Controversial photo series explores what daily life can feel like for women.

Controversial photo series explores what daily life can feel like for women.
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In a powerful photo series called "boundaries," Pittsburgh-based photographer Allaire Bartel wanted to show what sexual harassment for women can feel like for women on a regular, daily basis.

Her photos show a young woman going through her daily routines, like yoga, work, and going to a bar. From a distance, the photos may seem innocuous and "normal." But if you look closer, you'll see the subject has male hands on her body to illustrate how male entitlement, and rape culture, can permeate every area of a woman's life.

Bartel says that she wanted to show that the harassment women face extends beyond "isolated incidents" like rape or violent abuse. She writes on her website:

I was particularly determined to express the idea that oppression of women does not just occur in extreme isolated incidents (violent rape and physical abuse) but can also be felt in lesser forms during the day to day.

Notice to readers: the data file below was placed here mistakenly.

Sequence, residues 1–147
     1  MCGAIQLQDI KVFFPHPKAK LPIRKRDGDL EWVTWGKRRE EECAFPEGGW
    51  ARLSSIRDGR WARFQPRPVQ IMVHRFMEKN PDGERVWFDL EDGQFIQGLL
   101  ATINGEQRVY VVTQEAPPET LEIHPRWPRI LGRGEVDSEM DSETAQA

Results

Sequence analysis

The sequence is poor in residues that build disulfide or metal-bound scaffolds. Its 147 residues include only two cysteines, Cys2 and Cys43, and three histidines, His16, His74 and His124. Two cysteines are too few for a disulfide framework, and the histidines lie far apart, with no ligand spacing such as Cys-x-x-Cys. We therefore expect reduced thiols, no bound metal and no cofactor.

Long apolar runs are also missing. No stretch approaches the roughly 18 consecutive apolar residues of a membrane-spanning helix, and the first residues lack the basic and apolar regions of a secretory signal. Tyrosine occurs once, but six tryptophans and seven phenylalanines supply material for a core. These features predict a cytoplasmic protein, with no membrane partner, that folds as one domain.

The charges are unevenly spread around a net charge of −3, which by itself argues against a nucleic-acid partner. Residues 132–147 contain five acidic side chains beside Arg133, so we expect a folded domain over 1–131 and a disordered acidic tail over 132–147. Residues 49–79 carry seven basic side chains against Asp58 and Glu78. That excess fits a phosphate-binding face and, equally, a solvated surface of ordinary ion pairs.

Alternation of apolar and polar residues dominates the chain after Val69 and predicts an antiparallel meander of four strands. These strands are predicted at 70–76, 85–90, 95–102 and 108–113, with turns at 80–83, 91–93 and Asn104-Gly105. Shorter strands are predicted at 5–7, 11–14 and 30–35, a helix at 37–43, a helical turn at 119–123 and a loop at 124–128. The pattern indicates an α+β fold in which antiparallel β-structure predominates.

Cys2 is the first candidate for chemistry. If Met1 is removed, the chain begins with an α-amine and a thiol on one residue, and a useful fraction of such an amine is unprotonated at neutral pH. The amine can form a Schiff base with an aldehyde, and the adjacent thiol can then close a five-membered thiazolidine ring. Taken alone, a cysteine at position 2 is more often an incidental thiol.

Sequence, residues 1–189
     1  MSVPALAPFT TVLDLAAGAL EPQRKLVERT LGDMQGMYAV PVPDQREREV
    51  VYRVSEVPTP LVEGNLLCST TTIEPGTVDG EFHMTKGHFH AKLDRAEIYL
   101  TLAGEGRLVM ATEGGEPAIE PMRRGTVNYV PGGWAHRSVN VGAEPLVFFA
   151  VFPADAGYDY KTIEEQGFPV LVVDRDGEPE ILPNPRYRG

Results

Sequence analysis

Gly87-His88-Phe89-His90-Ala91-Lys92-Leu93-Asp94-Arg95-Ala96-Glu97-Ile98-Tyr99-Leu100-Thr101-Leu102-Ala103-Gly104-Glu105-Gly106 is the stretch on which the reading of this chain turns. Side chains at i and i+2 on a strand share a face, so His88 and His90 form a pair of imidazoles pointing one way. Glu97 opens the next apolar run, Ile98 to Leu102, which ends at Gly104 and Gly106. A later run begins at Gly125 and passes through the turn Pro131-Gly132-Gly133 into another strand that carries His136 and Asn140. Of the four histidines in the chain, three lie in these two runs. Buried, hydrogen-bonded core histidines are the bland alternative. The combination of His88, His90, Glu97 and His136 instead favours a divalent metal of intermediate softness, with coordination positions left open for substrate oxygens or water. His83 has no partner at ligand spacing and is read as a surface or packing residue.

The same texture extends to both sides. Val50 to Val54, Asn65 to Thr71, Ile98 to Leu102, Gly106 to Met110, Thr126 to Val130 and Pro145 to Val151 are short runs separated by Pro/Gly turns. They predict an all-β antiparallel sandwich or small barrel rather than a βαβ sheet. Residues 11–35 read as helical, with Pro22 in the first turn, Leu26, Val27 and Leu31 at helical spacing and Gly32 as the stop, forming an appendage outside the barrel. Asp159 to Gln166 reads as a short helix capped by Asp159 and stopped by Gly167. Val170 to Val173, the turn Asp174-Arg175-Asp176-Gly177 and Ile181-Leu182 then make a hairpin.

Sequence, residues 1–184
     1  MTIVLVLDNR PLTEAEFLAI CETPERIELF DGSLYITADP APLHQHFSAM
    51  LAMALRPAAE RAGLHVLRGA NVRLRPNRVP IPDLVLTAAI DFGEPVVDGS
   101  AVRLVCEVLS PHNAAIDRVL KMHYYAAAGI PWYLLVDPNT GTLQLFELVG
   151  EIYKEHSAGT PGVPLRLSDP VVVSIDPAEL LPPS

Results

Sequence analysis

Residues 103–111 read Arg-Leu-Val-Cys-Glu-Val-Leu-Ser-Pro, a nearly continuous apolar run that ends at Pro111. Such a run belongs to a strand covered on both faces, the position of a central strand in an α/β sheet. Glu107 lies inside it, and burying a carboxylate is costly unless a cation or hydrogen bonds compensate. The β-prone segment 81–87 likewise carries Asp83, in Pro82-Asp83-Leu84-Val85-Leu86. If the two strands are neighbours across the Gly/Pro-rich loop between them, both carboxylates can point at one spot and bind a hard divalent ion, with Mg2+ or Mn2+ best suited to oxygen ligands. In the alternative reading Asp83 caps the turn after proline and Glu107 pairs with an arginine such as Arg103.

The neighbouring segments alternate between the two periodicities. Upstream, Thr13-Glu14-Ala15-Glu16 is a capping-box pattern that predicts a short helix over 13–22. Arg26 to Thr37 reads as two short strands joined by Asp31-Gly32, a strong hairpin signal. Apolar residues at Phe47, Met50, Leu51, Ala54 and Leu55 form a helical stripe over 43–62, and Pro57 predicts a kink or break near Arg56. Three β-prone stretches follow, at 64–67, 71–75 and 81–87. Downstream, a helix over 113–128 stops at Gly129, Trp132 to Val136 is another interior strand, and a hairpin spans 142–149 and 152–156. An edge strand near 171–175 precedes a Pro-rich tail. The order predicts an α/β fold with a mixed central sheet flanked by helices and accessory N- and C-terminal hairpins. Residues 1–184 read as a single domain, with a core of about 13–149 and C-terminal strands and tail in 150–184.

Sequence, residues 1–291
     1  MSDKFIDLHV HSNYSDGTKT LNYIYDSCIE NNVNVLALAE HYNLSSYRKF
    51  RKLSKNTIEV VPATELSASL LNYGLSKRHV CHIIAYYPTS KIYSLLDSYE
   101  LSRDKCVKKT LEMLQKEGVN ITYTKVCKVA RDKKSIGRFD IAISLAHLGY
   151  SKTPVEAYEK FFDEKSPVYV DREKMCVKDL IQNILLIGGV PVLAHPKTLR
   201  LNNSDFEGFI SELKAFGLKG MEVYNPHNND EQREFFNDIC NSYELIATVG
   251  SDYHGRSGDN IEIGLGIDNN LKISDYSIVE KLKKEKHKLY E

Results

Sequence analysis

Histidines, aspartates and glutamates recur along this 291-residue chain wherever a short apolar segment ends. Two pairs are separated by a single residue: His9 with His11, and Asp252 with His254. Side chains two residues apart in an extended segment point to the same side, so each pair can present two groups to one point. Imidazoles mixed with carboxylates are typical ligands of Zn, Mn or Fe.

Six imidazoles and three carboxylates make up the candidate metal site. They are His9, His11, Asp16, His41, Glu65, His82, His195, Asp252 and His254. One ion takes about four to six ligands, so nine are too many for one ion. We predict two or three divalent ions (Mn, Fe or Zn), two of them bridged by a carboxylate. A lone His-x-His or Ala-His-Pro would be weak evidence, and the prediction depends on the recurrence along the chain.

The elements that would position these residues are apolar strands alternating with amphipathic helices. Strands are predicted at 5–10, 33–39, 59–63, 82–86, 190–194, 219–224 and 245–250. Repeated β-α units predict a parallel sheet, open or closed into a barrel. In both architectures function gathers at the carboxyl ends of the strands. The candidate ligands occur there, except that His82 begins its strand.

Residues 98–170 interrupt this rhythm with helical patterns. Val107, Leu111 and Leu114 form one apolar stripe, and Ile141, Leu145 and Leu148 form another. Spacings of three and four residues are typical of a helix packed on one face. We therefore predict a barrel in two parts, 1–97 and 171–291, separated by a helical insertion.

She hoped to illustrate in her series the ways in which society has come to "normalize" sexual harassment and male entitlement to women's bodies, a phenomenon often described as "rape culture." She writes:

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The concept of rape culture is represented by male arms and hands performing a variety of actions that are overwhelming intrusive on the woman's body and life. In each situation she maintains a blank expression, a visual choice that demonstrates how conditioned we as women have become to accept this atmosphere as excusable and even normal.

The photos are disturbing, powerful. And, sadly, relatable.

You can see more of Bartel's work here.

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